Retailers kept their doors locked to business and police officers directed traffic on Grand Cayman Wednesday morning when a power outage gripped the island.
Power went out about 6.30am, knocking out electricity from East End to West Bay and everywhere in between on the largest of the three of the Cayman Islands.
A representative for Caribbean Utilities Company, the lone electricity provider for more than 26,000 commercial and residential customers on Grand Cayman, said the cause of the outage was traced to a “fault at the West Bay substation, which affected the entire system”.
Portions of the capital city of George Town and the more densely populated areas in the western part of the island had power restored by late morning, as did sections of Bodden Town and North Side. However, other areas of downtown remained without electricity at midday, as did other customers in districts islandwide.
“Restoration of power has started in a part of the South Sound and George Town areas and power will be restored to additional customers in a phased manner in order to maintain system stability,” said Pat Bynoe-Clarke, spokeswoman for CUC. “We expect that all customers will have electricity by the end of today [Wednesday].”
Further information was not immediately available.
Vital services throughout Grand Cayman, including hospitals and air transportation, were said to be working relatively smoothly on backup generators throughout the ordeal. But for many businesses, including those without adequate alternative power sources, the morning was lost as they told employees to stay home and their doors remained closed.
Post offices throughout Grand Cayman remained closed at midday, while the Department of Immigration was open, but operating at limited capacity.
The backup generator at the Foster’s Food Fair IGA near the airport failed leaving customers and employees in the dark.
Woody Foster, managing director of Foster’s Food Fair, said staff locked the doors at the store to stop additional customers from entering. He said rumours of looting at the store were untrue. Staff inside the grocery store allowed customers to leave when they wanted and continued to serve those who were shopping.
Planes were seen taking off and landing throughout the morning, but attempts to reach the Cayman Islands Airports Authority for comment on operations were unsuccessful. A customer service representative at Cayman Airways reached by telephone said the national flag carrier’s flight schedule for Wednesday had not been affected.
Meantime, attempts to reach the Health Services Authority, which operates the government-run Cayman Islands Hospital in George Town, were also unsuccessful. But Ansal Balbontin, an employee in the records department at privately-run Chrissie Tomlinson Memorial Hospital in George Town, said Wednesday morning that the facility had all departments operational.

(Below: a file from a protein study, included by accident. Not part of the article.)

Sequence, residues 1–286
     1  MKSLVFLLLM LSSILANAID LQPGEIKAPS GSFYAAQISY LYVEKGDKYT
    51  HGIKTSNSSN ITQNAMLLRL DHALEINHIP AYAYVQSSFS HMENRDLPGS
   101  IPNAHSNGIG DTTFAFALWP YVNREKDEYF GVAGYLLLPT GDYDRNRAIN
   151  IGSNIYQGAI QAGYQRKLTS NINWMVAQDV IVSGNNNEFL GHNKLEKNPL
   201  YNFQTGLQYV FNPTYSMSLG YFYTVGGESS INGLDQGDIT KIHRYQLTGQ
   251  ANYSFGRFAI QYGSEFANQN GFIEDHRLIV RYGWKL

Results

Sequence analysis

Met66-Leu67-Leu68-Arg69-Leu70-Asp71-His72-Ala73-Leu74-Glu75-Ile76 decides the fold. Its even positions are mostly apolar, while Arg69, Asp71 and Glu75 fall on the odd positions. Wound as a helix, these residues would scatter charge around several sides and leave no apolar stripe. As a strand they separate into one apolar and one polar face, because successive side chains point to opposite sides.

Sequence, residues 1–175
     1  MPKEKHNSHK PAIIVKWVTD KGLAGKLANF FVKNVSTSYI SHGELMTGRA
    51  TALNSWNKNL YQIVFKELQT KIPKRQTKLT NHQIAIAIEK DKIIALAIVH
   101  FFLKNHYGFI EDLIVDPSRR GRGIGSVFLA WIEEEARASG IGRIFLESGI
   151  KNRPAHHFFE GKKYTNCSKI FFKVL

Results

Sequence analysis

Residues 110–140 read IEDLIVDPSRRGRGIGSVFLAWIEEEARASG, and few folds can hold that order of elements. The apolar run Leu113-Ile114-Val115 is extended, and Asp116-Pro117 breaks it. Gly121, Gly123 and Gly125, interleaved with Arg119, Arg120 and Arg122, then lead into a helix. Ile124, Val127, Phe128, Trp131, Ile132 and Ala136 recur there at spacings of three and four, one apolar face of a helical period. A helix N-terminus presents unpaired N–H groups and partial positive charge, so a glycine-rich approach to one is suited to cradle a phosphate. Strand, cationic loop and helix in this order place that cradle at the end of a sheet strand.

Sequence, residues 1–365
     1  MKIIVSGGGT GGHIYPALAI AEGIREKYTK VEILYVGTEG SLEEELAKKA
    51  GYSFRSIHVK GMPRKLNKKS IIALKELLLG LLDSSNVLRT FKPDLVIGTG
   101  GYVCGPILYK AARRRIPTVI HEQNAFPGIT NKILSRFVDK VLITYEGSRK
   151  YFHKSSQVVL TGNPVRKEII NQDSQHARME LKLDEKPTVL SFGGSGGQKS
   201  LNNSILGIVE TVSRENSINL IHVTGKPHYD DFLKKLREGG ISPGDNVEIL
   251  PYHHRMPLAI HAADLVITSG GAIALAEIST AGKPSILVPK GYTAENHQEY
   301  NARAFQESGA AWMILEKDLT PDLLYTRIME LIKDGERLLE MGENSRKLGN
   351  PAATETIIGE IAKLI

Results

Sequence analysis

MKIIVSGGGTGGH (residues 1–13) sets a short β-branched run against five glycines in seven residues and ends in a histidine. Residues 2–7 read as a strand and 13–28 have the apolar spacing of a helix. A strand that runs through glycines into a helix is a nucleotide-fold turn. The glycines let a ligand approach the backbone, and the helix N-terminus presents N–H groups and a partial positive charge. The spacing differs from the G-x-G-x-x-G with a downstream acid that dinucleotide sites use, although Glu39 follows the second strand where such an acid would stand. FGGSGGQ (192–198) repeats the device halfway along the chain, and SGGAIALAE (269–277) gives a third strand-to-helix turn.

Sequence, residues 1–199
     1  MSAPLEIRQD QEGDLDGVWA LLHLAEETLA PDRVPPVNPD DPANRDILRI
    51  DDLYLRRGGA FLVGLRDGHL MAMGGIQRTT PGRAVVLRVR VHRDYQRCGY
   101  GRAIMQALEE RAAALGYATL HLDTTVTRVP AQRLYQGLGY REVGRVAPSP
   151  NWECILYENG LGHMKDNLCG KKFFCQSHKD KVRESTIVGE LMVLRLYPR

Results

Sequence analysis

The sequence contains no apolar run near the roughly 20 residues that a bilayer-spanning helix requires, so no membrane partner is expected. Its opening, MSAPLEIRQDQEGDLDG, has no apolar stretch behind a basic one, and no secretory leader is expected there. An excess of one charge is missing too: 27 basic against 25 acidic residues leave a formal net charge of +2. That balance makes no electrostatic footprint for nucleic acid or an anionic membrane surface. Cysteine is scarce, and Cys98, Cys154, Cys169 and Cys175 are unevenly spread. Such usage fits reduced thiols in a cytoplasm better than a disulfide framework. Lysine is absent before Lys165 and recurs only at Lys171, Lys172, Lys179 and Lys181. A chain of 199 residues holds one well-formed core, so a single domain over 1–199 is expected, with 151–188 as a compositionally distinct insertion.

Animal House Assistant Manager Patrick Boone said the North Sound Road location of the pet store had a backup generator and so was not affected by the blackout. However, Mr. Boone said the Countryside location of the store did not have a generator and so would not be able to open while power was off.
With no power at the court house, a sign on the front door directed people to the parking lot side, where court marshals advised them where to go. Magistrate Kirsty-Ann Gunn presided over her list in Court 5 on the second floor of Kirk House, where a bank of windows let in sufficient light for people to see. The magistrate had a battery-operated lamp on her desk.
Magistrate Valdis Foldats conducted Traffic Court and another criminal court in a room on the ground floor of the court house, where large windows gave sufficient light for him to adjourn cases and mark files accordingly.
No inmates were brought down from Northward Prison. At noon, court staff were still on standby for another Summary Court to open at 2pm. The Court of Appeal also was scheduled to sit in the afternoon if the building had power by that time.
Throughout George Town business and commerce were affected by Wednesday’s all Island power outage in Grand Cayman. With Kirk Freeport and other duty free stores around the Capital closed. The closures also affected restaurants and well frequented coffee shops. Though Arabus clothing store was one of the few retailers that were open for business.
The court house was also abuzz with curiosity and shuffling, as people showed up for court and had to head to the back of the building to find out what was happening with their cases. Judges, as well as court staff migrated into the street to avoid the heat inside of the buildings, while converging in the streets to discuss the Wednesday’s anomaly.
Prison Director Dwight Scott gave some insight into how the prison was affected by the outage.
“We have two generators, which kicked in within minutes; one of these went out briefly but the other picked right up and it was quite seamless. We informed police immediately, as is the case whenever we loose for power for any period of time.
“There are also standby generators on the grounds that can be accessed if all else fails and we need to light the perimeter.”